Kneel by their side, level with the chest. Place the heel of one hand in the centre of the chest on top of the lower half of the breastbone.

Place the heel of the other hand on top of the first. Interlock your fingers to stop them pressing on the chest wall

Position yourself so that your shoulders are directly above their chest, the arms are straight and the elbows are locked.

Push straight down on their chest to a depth of 5 to 6 cm. Release the pressure completely between strokes, keeping your hand in contact with the chest. Movements should be smooth and not jerky. Erratic or violent movements may injure them and will not pump blood efficiently. ▪ Compress the chest at a rate of 100 to 120 compressions per minute. 5-6 ▪ It is important to maintain the quality, rate and depth of the cms compressions.

▪ ▪ ▪ ▪

Your performance is liable to deteriorate as you get tired, so for this reason it is recommended that if another rescuer is available and can perform chest compressions you should change over every two minutes.


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Occupational first aid

Open the AIRWAY ▪ Undo anything tight around the neck and remove their glasses, if worn. ▪ Place one hand on the forehead and two fingers of the other hand under the bony part of the jaw. ▪ Gently rotate the head backward and lift the jaw. ▪ This lifts the tongue and straightens the airway.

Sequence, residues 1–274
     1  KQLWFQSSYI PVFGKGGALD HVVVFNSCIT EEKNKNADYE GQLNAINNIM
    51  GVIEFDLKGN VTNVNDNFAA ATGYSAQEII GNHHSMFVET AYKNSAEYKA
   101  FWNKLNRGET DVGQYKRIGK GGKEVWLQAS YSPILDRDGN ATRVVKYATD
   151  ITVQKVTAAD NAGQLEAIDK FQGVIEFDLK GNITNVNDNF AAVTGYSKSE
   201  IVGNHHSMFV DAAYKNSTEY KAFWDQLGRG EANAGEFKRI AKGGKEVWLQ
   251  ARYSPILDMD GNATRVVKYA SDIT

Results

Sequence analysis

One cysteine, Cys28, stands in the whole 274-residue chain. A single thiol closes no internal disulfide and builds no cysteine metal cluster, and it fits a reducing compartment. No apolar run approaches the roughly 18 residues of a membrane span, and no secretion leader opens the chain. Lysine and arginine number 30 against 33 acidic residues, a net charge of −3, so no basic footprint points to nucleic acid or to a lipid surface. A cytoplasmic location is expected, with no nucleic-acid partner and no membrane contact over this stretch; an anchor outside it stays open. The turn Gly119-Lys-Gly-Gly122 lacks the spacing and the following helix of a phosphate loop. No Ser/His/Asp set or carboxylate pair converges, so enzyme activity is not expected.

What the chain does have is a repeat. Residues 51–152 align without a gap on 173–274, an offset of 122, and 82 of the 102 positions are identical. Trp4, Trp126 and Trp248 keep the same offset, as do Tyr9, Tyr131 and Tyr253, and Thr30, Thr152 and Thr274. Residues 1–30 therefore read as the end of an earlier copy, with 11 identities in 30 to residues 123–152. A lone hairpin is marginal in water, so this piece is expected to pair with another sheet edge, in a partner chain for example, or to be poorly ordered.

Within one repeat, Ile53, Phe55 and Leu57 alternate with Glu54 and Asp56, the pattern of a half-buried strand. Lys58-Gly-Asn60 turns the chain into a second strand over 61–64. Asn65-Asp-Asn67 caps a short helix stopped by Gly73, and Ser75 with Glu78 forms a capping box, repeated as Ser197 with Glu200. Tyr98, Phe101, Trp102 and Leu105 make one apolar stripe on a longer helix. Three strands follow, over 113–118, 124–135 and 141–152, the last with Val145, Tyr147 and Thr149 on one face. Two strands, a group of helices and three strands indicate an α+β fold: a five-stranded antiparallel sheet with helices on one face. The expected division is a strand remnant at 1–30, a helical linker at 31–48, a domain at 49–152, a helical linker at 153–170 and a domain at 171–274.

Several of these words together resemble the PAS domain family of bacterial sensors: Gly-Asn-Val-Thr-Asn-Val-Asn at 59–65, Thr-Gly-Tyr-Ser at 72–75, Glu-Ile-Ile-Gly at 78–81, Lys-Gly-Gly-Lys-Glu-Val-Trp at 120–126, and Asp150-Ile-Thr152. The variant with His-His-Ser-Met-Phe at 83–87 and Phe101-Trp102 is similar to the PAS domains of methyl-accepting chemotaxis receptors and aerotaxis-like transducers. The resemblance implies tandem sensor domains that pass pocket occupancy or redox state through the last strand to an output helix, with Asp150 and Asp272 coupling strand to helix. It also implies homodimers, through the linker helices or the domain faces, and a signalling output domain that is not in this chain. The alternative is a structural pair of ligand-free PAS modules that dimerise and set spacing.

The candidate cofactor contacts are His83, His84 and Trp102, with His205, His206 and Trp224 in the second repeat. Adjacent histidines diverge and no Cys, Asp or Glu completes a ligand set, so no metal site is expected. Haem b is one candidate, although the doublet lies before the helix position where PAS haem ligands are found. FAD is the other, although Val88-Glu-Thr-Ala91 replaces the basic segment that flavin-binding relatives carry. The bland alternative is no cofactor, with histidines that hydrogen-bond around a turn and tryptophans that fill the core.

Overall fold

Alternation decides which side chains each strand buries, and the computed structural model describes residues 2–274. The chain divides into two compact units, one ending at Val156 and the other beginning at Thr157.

Deliver RESCUE BREATHS Air in the atmosphere contains about 21% oxygen. When we breathe we only use what we need, about 4%, so the air that we breathe out still contains around 17% oxygen. This is more than enough to maintain life in our casualty. Take no more than 10 seconds to deliver to rescue breaths

Use the fingers of the hand performing the head tilt to pinch the nose closed. Take a normal breath.

Seal your lips around their mouth and blow steadily until the chest rises. Each breath should be sufficient to cause the chest to rise as in normal breathing

Release the nose and keeping the airway open let them breathe out. Re-seal your lips and give another rescue breath. Give two breaths in total.

▪ Each breath should take about one second to deliver. ▪ Watch the chest as the breath is delivered to ensure that it rises. ▪ If you experience problems giving an effective breath it is probably because the airway is not clear. ▪ Recheck the mouth and remove any visible obstruction. ▪ Make sure the head is tilted and the jaw is lifted correctly and that you have a good seal around their mouth. ▪ Repeat your attempts to give effective breaths but do not attempt more than two breaths before returning to chest compressions.


Occupational first aid Cardio Pulmonary Resuscitation (CPR) CPR means combining chest compression with rescue breathing ▪ Give 30 chest compressions followed by two rescue breaths. ▪ Ratio 30:2. Continue until: ▪ The casualty shows obvious signs of recovery, such as opening their eyes or coughing. ▪ Someone else takes over from you. ▪ You are alone and too exhausted to continue.